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Allegrini 2018
WINE CRITICS

Tasca d’Almerita, Salcheto, Alois Lageder awarded with the “Robert Parker Green Emblem”

“Robert Parker Wine Advocate” introduced his award to the most ethical wineries on sustainability, and not only certified wines

Sustainability is a central and crosscutting issue, and it is now ever-present in the wine world. Preserving territories is part of the DNA of ethical wineries, and is also important because the sensitivity of consumers around the world to this universal theme is growing rapidly. Furthermore, it is an increasingly valued topic to those who communicate and judge wines. And, the person considered one of the most authoritative sources in wine criticism worldwide, is no exception. We are talking about “Robert Parker Wine Advocate”, the wine magazine founded by Robert Parker (whose correspondent in Italy is Monica Larner). Today, the magazine is under the Michelin Group umbrella, the leading food guide in the world, which introduced the “Green Stars” to reward the best experiences of sustainable cuisine, and has likewise introduced the “Robert Parker Green Emblem”, a “recognition given to selected wineries that have shown extraordinary determination in the search for ecological practices”. This is edition number 1 of the award. The first 24 wineries from all over the world that received this emblem, include also three excellent and pioneer Italian wine companies, and all three have been working on sustainable viticulture for many years: Alois Lageder, in Alto Adige, Salcheto, in the territory of Nobile di Montepulciano, and Tasca d’Almerita, in Sicily.
“To qualify for this award, a winery may or may not already be certified organic and/or biodynamic. Beyond and above certification, the wine producer must be an extraordinary sustainability advocate who looks towards long-term environmental protection and biodiversity. Receiving the “Robert Parker Green Emblem” signifies that careful consideration has been given to rare and exceptional merits.
Each year, “Robert Parker Wine Advocate” reviewers nominate new candidates from their regions who they deem worthy of the “Robert Parker Green Emblem”. Each appointment is studied and discussed in depth by the editorial group. Once a company has been recognized and honored, all its wines will carry and exhibit the “Robert Parker Green Emblem” in the future”.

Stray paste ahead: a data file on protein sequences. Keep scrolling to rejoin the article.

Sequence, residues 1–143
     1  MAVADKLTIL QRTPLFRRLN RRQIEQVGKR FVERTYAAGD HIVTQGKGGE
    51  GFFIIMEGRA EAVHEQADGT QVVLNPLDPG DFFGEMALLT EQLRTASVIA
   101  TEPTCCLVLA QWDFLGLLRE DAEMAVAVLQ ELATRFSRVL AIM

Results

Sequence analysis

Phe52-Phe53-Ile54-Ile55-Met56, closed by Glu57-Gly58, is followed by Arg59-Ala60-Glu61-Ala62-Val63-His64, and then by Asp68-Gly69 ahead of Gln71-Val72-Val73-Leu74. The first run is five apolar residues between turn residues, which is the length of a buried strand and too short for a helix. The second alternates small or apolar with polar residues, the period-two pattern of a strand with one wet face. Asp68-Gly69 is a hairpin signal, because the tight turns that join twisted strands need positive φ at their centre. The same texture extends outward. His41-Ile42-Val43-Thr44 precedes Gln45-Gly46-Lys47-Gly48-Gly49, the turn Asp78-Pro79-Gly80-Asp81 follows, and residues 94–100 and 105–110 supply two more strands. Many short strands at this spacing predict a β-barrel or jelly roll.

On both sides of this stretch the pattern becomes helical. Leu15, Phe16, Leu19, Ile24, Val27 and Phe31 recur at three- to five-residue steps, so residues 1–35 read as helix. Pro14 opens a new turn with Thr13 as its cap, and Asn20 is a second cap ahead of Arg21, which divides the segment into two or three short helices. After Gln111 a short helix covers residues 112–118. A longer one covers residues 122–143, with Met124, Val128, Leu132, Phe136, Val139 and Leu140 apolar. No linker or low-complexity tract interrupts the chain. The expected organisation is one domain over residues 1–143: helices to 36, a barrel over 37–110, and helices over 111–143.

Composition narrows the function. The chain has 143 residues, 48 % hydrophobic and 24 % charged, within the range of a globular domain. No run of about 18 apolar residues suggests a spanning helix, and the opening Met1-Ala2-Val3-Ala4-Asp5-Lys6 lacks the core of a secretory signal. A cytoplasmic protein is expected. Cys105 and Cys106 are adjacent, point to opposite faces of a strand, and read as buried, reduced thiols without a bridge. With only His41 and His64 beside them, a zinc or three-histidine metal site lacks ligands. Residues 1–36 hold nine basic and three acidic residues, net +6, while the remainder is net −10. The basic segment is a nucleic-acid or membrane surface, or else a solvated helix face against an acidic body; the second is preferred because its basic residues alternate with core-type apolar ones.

Changes in the opposite direction, however, may lead to the revocation of the recognition, explained a note from the “Robert Parker Wine Advocate”. Assigning the recognition, thus, goes beyond the issue, however important, of certification. Furthermore, the magazine has introduced another innovation, namely, the possibility of searching on its own portal certified organic or biodynamic wines, using a special ad hoc filter. This possibility, though, is reserved only for wines certified by third parties (as the magazine has reported, the main organic organizations around the world, including, Ecocert, USDA Organic, BioGro NZ, Australian Certified Organic and EU Organic. The biodynamic companies we refer to are those such as, Demeter and Biodyvin)”.
“We are aware of the growing desire for responsible and environmentally committed viticulture, and to make this information more easily accessible to consumers. The Robert Parker Wine Advocate team shares this vision, which is why we have decided to develop the “Robert Parker Green Emblem”, in order to highlight the wineries that combine the richness of taste and sustainable viticulture. We want to facilitate encounters between these committed winemakers, who are showing us how to respect the environment and exalt the terroirs and vineyards, without compromising the taste and quality of the wines”, explained Nicolas Achard, CEO of Robert Parker Wine Advocate.

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